I am so tired of hearing “…55 percent who started (college) were gone the following year.” The college referred to is Texas A&M-Texarkana but could be any one of the thousand of non-elite colleges and universities in America. I am also sick of hearing about strong recruiting efforts but weak retention efforts. Recruiting, on one hand, generates revenue and it is apparently a bit easier than retention, which takes the kind of effort few institutions are willing – or able – to muster.
Since it’s not in cricket to complain absent a solution, I’m going to suggest a solution or two in honor of my cricket-playing buddy now traveling the world, Kurt the Canadian.
If one of the big worries in higher education is the loss of a large percentage of college freshmen before they start their second year, and it apparently is, I suggest everyone involved look at this for what it is. It’s a naturally recurring event, folks. Lots of first-year students leave college after experiencing – and paying for – something that for whatever reason is not right for them.
When I come across situations like this I am reminded of the dilemma McDonald’s franchisees faced once they opened their new restaurants. These franchisees, most of whom were responsible businesspeople, were appalled at the turnover they experienced with their young help. They tried hiring smarter, whatever that means, but that didn’t solve the problem. Eventually, the headquarters field managers convinced the franchisees that turnover was always was going to be part of an operator’s challenge. Accept that as a fact and deal with it, the managers said. The fact that lots of first-year college students do not become second-year college students is a fact of life; accept it and deal with it.
I know you’re thinking, Thanks, Joe, but my institution is not ready to accept that as we want students to continue with their education – that’s why we’re here at good old EDU. Let me point out that Texas A&M-Texarkana’s 55 percent loss increased from 44 percent two years prior. The trend, I suspect, is real. Reject this reality at your peril, or maybe just stick your head in the sand.
But I think these dropouts, who collectively are an annual experience that will not go away, can be helped and at the same time be of help to the institution itself. Here’s what I would do if all it took was a magic wand and the word Shazaam to make things better for everybody involved. I would create an environment that, first, acknowledged college isn’t for everyone, and second, that there are alternatives to a college degree. I would present those alternatives, including career-oriented certificate programs, in a non-judgmental manner. In other words, allow that it is okay if you feel your choice to enroll in college might have been premature or even a mistake. I would arrange articulation agreements with community colleges with career-oriented programs. I would invite outside career advisors to speak to the group who might be wavering in the commitment to a college degree. In doing so, I would expect two things to happen. One would be a great public relations coup, especially when testimonials come in from individuals helped by this unique approach. The second positive result, I would expect, would be some actual guidance and help for those students who will inevitably choose to drop out.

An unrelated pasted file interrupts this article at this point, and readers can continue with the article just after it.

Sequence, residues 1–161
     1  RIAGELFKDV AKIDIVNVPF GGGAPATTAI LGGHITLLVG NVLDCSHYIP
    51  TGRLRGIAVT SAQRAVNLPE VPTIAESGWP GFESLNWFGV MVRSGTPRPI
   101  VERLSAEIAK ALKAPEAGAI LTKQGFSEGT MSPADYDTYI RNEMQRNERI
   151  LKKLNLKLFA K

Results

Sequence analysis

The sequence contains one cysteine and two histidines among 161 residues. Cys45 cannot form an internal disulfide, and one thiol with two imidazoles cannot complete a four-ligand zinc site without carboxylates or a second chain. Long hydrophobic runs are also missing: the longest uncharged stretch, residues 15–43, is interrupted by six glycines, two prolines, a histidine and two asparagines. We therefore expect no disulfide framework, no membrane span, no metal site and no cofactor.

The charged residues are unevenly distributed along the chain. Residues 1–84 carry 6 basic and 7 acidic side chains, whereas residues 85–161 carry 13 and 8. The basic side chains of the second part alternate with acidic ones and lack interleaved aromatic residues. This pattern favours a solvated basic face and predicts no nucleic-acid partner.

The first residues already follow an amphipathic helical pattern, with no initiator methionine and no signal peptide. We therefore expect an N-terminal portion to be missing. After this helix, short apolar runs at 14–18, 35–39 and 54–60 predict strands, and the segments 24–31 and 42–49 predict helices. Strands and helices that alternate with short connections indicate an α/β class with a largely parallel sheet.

Of course, I do not expect even one college or university to adopt this approach. I just hope that my somewhat unique observations and unusual suggestions will spark other, better ideas. But whatever the reaction, I advise those of you in higher-ed decision-making positions to accept the reality of annual shrinkage between freshman and sophomore classes. It is inevitable.